Tablets hurt, but cloud helps Intel

Although the chipmaker is not benefiting directly from tablet shipments, sales are strong for Intel-based Web servers, which tablets rely on.

While tablet sales are passing Intel by, server sales are not, allowing the chipmaker to keep a healthy chunk of the global processor market.

Intel in the third quarter accounted for 83.7 percent of global microprocessor revenue, up about 3 percentage points from the same quarter last year and widening its lead over Advanced Micro Devices, which lost more than a percentage point, according to IHS iSuppli.

"The boom in media tablet sales has...both upsides and downsides for Intel--hurting its business in netbook microprocessors--but boosting its sales of chips used in data centers to support cloud computing," said Matthew Wilkins, an analyst at IHS, in a statement.

The bad news is that the Netbook market is shrinking rapidly as consumers opt for tablets. Global Netbook shipments are set to drop to 21.4 million units in 2011, down 33.5 percent from 32 million in 2010.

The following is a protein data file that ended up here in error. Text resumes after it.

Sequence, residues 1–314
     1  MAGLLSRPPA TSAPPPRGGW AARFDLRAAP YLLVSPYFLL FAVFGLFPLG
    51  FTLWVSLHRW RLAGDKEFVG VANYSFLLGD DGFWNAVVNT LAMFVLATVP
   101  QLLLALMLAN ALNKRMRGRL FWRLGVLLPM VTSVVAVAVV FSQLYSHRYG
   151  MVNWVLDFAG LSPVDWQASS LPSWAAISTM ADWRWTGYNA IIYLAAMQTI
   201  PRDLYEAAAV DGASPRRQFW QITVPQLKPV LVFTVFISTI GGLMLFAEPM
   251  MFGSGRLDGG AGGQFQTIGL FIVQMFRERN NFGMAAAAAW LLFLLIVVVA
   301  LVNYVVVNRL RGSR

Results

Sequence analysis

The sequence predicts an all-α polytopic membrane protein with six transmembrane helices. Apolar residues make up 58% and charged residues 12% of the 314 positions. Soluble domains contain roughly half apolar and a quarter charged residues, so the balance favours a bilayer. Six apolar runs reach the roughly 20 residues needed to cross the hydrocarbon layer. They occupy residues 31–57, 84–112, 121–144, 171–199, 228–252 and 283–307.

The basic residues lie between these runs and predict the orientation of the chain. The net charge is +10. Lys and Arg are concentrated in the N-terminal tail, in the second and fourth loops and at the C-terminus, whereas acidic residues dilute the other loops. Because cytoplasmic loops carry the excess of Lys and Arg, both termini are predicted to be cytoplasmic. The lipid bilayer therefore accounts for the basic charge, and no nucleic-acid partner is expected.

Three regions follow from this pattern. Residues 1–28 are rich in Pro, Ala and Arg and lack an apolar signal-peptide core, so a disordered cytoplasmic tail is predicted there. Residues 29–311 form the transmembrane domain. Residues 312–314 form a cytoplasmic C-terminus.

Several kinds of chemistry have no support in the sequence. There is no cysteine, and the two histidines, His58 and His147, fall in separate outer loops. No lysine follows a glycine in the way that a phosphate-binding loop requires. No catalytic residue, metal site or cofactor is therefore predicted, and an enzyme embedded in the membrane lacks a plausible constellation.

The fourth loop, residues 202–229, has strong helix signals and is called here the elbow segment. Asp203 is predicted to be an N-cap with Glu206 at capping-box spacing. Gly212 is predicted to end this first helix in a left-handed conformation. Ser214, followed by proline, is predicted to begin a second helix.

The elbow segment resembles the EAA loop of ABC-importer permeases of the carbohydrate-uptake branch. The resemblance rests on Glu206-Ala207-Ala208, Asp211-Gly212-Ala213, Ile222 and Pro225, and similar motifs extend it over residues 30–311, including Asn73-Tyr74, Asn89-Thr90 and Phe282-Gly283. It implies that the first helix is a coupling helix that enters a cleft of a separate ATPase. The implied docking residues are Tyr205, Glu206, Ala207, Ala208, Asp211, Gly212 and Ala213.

And Intel warned this month that its fourth-quarter results will fall short of the previous outlook due to hard disk drive supply shortages related to the flooding in Thailand.

As a result, IHS predicts that worldwide PC shipments in the first quarter of 2012 will amount to 84.2 million units, compared to the earlier forecast of 88 million.

The good news is server sales are headed up. The cloud-computing market is expanding as "companies seek to offer services designed to serve tablets, smartphones and other mobile devices," IHS said.

And Intel is benefiting from strong notebook sales to the corporate market, which continues to perform well even amid challenging circumstances in the consumer PC segment, IHS said.

Earlier this month, Intel announced it is undergoing a sweeping reorganization in its mobile device group to make the company more competitive in small devices like smartphones and tablets, where its chips are virtually absent.

About the author

Brooke Crothers writes about mobile computer systems, including laptops, tablets, smartphones: how they define the computing experience and the hardware that makes them tick. He has served as an editor at large at CNET News and a contributing reporter to The New York Times' Bits and Technology sections. His interest in things small began when living in Tokyo in a very small apartment for a very long time.

 

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